In terms of look and feel, the Jade 2 have an industrial look and feel. Not very premium, but appears sturdy, and at this price range I think this is about right. The only weakness is the cable which seems less sturdy than comparably priced Stax cables. It has been a while since I owned electrostats, but I did acquire an used pair of Stax L700 during my time with the Jade 2, as I also wanted to hear the latter at home and so I had something from a similar price range to compare with.
I will focus mostly on the headphones, as I cannot compare this amplifier with another one from the same price range. My main comments on the amplifier are it seems a bit on the warm side of things and it requires quite a bit of voltage from the source. My DAC can output between 5.6-15Vrms so that's more than plenty, but I would be slightly cautious with lower voltage sources paired with the Jade 2 amp.
The packaging the Jade 2 system arrives in is very basic. Cardboard boxes similar to Audeze 2 classic. No frills there.
MSB DAC V stack
Audioquest SKY cables
Audioquest Diamond USB
Stax L700 (modded for linear bass)
The very first impression is the Jade 2 have a very natural sound, slightly on warmer/fuller side, but largely neutral. The soundstage is pleasantly big, with very good depth and great height.
The Jade 2 are a bit warmer and fuller sounding than the L700. Very close to neutrality, with a slight euphony.
The bass is quite linear and goes very low. The sub-bass weight does not compete with my HE-6 or SR1a, but I don't expect that from electrostats.Saying that the Jade 2 have very satisfying bass in terms of both quantiy and weight. I am not a bass head, although I do have benchmark level headphones for bass quality, and I don't feel I am missing anything with the Jade 2 when listening to music with strong bass content. Even EDM sounds awesome.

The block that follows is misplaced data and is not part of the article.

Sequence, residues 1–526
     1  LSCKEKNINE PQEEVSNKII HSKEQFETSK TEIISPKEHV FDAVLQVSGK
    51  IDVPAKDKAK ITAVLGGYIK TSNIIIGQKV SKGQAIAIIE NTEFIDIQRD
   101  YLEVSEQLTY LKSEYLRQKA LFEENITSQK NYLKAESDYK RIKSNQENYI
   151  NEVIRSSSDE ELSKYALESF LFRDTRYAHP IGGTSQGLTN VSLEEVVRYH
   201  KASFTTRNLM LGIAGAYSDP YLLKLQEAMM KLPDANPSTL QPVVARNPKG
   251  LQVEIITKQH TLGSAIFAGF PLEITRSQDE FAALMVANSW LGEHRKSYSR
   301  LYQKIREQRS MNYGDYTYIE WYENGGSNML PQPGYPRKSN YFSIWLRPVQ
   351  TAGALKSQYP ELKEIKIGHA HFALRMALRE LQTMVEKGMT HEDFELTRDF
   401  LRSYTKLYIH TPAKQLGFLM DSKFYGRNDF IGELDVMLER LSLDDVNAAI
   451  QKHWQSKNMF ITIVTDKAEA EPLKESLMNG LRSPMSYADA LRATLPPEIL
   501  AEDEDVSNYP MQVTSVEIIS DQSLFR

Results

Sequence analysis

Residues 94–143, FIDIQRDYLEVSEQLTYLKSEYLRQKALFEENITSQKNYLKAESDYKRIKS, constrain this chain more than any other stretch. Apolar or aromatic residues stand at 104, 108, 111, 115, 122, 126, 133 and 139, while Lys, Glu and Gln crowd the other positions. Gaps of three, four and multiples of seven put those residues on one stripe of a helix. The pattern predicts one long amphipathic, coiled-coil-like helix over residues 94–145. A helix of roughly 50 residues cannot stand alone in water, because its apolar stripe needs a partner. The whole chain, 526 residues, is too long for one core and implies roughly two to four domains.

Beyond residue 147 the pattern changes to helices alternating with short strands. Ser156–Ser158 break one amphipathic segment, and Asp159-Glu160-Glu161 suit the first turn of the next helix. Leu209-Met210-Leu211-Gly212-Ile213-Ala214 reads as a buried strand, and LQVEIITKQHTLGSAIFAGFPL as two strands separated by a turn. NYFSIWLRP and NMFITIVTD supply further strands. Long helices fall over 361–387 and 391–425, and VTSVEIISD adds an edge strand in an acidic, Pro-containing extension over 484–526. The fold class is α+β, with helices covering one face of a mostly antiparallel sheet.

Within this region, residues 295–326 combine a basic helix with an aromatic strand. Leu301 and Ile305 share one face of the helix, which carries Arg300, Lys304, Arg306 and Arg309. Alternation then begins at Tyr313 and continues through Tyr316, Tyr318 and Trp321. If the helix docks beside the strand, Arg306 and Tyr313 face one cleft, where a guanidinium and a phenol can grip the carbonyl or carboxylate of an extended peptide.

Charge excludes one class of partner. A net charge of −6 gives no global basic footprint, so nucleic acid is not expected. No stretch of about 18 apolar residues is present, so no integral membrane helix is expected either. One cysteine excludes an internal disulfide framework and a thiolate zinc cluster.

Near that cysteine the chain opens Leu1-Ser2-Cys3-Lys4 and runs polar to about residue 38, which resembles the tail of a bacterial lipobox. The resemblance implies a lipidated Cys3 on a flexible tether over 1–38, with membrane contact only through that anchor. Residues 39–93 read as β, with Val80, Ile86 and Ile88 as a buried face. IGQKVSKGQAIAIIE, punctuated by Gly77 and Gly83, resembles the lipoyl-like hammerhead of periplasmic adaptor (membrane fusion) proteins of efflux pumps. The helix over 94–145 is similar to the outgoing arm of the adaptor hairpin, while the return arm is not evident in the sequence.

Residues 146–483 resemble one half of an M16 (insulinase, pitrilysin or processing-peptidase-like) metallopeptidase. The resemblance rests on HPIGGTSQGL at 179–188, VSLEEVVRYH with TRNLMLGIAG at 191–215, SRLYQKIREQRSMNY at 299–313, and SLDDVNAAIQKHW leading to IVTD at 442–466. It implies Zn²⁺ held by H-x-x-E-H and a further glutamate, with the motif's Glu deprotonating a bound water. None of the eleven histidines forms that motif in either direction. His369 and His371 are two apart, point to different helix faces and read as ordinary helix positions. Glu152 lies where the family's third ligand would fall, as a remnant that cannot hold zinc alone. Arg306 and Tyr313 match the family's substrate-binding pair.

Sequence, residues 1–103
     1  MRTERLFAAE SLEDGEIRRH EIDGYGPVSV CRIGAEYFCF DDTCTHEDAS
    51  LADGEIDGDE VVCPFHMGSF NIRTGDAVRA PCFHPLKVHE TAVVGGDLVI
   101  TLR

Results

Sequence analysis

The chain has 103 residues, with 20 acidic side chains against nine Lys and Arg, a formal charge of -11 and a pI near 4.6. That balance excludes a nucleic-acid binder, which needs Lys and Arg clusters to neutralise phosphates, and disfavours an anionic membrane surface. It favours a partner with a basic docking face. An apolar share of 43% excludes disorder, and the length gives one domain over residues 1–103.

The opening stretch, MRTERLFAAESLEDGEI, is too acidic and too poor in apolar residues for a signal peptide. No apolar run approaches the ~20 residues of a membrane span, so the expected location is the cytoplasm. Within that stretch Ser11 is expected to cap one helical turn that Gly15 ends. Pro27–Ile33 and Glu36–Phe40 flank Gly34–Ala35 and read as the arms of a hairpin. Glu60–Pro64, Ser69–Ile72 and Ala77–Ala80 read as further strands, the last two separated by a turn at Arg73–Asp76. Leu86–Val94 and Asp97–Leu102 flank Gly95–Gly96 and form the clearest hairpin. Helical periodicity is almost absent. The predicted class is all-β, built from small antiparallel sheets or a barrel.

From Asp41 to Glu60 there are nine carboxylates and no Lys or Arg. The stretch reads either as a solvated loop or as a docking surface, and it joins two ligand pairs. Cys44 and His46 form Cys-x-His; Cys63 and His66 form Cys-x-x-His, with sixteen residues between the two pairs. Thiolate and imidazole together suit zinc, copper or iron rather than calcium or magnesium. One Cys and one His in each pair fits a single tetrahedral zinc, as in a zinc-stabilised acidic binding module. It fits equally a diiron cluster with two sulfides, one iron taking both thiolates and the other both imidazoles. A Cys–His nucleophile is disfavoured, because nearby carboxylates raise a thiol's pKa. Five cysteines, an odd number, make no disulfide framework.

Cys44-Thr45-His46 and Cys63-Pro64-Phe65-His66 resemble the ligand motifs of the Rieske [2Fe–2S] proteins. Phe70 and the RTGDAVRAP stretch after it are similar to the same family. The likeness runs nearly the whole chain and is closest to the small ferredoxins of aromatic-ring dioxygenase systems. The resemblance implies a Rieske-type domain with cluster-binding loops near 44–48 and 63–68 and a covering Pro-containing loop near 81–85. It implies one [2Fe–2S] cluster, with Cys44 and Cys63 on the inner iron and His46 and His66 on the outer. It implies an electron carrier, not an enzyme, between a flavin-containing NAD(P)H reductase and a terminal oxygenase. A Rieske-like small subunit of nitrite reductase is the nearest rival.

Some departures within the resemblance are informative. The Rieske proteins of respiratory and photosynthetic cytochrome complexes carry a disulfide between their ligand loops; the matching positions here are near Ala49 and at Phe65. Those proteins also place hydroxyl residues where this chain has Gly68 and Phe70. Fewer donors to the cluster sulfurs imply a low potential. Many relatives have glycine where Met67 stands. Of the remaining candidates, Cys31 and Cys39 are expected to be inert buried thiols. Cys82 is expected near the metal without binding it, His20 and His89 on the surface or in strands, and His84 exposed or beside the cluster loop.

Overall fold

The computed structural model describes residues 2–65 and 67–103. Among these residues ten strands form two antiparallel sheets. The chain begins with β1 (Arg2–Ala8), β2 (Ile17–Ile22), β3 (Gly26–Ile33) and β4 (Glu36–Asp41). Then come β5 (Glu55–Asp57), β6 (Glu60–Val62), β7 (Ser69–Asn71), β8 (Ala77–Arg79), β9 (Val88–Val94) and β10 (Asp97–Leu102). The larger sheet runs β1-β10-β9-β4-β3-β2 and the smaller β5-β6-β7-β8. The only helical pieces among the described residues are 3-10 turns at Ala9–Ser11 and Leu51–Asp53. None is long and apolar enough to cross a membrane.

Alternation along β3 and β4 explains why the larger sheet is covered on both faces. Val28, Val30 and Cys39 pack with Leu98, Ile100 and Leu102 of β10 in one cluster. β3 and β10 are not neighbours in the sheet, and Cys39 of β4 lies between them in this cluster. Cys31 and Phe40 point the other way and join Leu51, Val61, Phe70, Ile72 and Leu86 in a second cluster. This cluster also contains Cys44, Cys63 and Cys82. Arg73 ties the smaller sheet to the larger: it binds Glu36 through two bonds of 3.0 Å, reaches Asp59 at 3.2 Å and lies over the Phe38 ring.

The L700 have less bass body and impact. The bass attack is more defined than the L700s and there is more extension.
So the Jade 2 win here.
The most important part of the spectrum.
From 200hz to 800hz both Stax and Jade 2 measure virtually flat. The difference is the timbre. The Stax L700 have slightly thinner body with better note separation and sound faster.
Around 1khz the Jade 2 have around +1dB but Stax around +3dB, followed by a gentle decay to 2khz on both headphones.
I would say in comparison the Jade 2 have the more natural sounding midrange to my ear, with the Stax winning in technicalities. The latter are slightly more resolving of micro-detail.
The treble is typical of electrostats: silky, clean, airy, lacking distortion and very detailed. Even the brighter/peakier areas sound quite benign, unless someone is very particular about these areas in the FR.
Both headphones have a peak around 4khz. For L700 it is at 4-5khz and a couple of dB smaller than the Jade 2's.
In terms of stage proportions I would compare them as below:
Width: Jade 2 > L700
Height: Jade 2 >= L700
Depth: L700 > Jade 2
Both these headphones have a very spatious head stage.
Both headphones are really fast. They reach full sound amplitude very quickly and more quickly than most planars. They can hit hard when the content requires, but the Jade 2 seem to have a more focused weightier attack, whereas the Stax L700 hit have the ethereal quality typical of most Stax.
Both are VERY resolving headphones, but I would have to give the edge in resolution to the L700. However at this price range the resolution capabilities are beyond reach of most dynamic and planar headphones.
I have really enjoyed my time with the Jade 2 system. And if I had to pick just one headphones between these and the L700 it would be a difficult decision. On build quality alone there are more premium features the L700 have, like genuine leather pads and nicer cable. I used to switch between these two headphones depending on mood and occasionally content. Both are great all arounders. But for a more relaxing listen, the Jade 2 have the edge. The L700 are a bit more resolving and crispier/cleaner sounding, without giving too much way in terms of body. In conclusion the Jade 2 are really well positioned price wise for the sound quality they offer, and imo ahead of equivalently priced planars. But then one has to consider the electrostatic energizer cost to the equation.